NGC 628 (=
M74 = PGC 5974)
Discovered ("end of September" 1780) by Pierre Méchain
Observed/Recorded (Oct 18, 1780) by Charles Messier as M74
Also observed (Sep 7(?), 1828) by John Herschel
A magnitude 9.4 spiral galaxy (type SA(s)c?) in Pisces (RA 01 36 41.7, Dec +15 47 01)
Historical Identification: Per Dreyer, NGC 628 (= GC 372 = JH 142, Méchain, M74, 1860 RA 01 29 11, NPD 74 56.0) is "a globular cluster, faint, very large, round, very gradually then pretty suddenly much brighter middle, partially resolved, some stars seen".
Physical Information: Apparent size 10.5 by 9.5 arcmin. Used by the de Vaucouleurs Atlas of Galaxy Types as an example of galaxy type Sa(s)c.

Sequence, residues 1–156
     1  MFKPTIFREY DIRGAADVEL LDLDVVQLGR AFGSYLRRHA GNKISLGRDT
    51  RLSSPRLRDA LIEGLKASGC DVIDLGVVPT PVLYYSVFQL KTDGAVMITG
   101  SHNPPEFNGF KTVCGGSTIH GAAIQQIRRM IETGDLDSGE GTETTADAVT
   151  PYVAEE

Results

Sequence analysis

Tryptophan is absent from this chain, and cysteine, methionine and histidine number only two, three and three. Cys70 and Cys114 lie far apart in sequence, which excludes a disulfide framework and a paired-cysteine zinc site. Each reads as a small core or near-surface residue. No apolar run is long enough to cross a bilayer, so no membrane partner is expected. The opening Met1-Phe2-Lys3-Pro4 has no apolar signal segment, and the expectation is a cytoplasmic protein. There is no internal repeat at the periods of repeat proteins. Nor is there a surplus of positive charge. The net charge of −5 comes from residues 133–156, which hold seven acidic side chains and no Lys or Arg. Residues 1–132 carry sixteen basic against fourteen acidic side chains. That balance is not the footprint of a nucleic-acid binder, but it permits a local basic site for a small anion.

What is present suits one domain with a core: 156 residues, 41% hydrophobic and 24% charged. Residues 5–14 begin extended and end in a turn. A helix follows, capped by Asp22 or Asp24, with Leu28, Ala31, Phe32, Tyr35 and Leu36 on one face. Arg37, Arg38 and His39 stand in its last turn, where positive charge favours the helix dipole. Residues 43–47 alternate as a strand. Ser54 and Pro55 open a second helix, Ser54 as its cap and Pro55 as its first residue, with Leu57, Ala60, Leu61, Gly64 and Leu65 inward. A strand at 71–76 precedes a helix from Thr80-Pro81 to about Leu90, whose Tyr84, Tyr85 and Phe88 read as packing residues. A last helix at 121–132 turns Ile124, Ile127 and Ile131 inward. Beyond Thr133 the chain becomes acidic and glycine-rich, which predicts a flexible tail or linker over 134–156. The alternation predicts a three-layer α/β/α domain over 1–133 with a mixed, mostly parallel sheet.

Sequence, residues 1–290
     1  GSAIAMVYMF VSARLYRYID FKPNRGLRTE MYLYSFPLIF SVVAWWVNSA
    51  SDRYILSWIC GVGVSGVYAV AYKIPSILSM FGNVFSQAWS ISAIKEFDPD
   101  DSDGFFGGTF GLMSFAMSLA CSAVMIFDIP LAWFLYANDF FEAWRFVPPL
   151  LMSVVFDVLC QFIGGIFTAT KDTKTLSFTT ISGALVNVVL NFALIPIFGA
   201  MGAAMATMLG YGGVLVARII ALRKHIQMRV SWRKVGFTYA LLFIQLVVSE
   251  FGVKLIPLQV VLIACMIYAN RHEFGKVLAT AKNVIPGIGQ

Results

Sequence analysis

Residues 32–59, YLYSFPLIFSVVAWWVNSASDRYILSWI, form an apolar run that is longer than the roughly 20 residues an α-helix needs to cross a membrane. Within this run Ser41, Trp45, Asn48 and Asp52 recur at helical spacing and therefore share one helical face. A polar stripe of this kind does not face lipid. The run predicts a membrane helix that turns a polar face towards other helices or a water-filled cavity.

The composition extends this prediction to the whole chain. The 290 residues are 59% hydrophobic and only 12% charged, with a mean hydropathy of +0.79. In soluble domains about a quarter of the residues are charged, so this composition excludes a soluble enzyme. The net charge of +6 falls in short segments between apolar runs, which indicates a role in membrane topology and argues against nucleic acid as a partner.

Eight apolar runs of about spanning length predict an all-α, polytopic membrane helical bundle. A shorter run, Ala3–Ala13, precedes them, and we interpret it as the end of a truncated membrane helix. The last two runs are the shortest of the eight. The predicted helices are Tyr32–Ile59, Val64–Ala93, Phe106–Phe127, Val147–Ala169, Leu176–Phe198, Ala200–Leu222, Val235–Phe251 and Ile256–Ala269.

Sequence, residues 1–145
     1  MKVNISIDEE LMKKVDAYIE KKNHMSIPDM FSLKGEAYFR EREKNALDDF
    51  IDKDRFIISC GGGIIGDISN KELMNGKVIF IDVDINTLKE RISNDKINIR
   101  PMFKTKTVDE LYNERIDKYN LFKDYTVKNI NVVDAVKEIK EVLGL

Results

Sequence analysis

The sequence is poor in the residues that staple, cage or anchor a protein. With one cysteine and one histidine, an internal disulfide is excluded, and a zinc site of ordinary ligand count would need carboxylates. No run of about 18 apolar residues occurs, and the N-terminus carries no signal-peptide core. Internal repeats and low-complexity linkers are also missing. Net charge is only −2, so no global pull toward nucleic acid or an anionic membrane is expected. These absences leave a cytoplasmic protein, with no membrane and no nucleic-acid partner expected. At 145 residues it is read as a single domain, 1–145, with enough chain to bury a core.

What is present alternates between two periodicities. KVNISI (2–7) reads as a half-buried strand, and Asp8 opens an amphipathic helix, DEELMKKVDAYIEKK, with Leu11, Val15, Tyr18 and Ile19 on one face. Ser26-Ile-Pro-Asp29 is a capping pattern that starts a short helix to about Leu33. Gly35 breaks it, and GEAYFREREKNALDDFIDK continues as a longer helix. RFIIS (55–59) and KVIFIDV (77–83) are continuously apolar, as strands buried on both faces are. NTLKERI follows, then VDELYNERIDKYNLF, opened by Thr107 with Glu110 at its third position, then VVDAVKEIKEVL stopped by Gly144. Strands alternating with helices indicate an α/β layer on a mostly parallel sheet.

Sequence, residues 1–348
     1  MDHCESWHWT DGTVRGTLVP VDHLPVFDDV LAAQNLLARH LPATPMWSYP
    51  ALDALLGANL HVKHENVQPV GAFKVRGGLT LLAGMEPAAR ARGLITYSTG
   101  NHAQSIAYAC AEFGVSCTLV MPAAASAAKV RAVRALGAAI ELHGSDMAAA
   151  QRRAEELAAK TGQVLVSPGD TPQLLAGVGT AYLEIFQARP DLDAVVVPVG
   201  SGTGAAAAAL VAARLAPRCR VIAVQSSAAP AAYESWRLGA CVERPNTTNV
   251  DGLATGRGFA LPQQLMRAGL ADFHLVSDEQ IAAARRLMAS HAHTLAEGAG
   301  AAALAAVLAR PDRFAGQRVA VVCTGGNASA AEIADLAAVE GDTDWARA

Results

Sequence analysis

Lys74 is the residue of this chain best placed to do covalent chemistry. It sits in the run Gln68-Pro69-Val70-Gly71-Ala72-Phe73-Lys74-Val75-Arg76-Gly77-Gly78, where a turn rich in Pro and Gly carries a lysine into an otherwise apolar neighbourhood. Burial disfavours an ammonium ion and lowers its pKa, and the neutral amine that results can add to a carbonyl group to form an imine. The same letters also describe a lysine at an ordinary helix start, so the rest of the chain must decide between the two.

SDSS image of region near spiral galaxy NGC 628, also known as M74
Abov, a 12 arcmin wide SDSS image centered on NGC 628
Below, a ? arcmin wide image of the galaxy (Image Credit & © (Gemini Observatory/AURA; by permission)
Gemini Observatory image of spiral galaxy NGC 628, also known as M74
Below, a ? arcmin wide image of the central region (Image Credit NASA/ESA/Hubble Heritage (STScI/AURA)-ESA/Hubble; Acknowledgment R. Chandar (University of Toledo) and J. Miller (University of Michigan))
HST image of central region of spiral galaxy NGC 628, also known as M74

NGC 629
Discovered (1825) by
Wilhelm Struve
Also observed? (date?) by Arthur von Auwers
A group of stars in Cassiopeia (RA 01 38 58.7, Dec +72 51 59)
Historical Identification: Per Dreyer, NGC 629 (= GC 373, Struve #2, 1860 RA 01 29 14, NPD 17 49.8) has "an irregular figure, 3 stars plus nebulosity (Auwers 15)".
Physical Information: Apparent size 4.0 arcmin?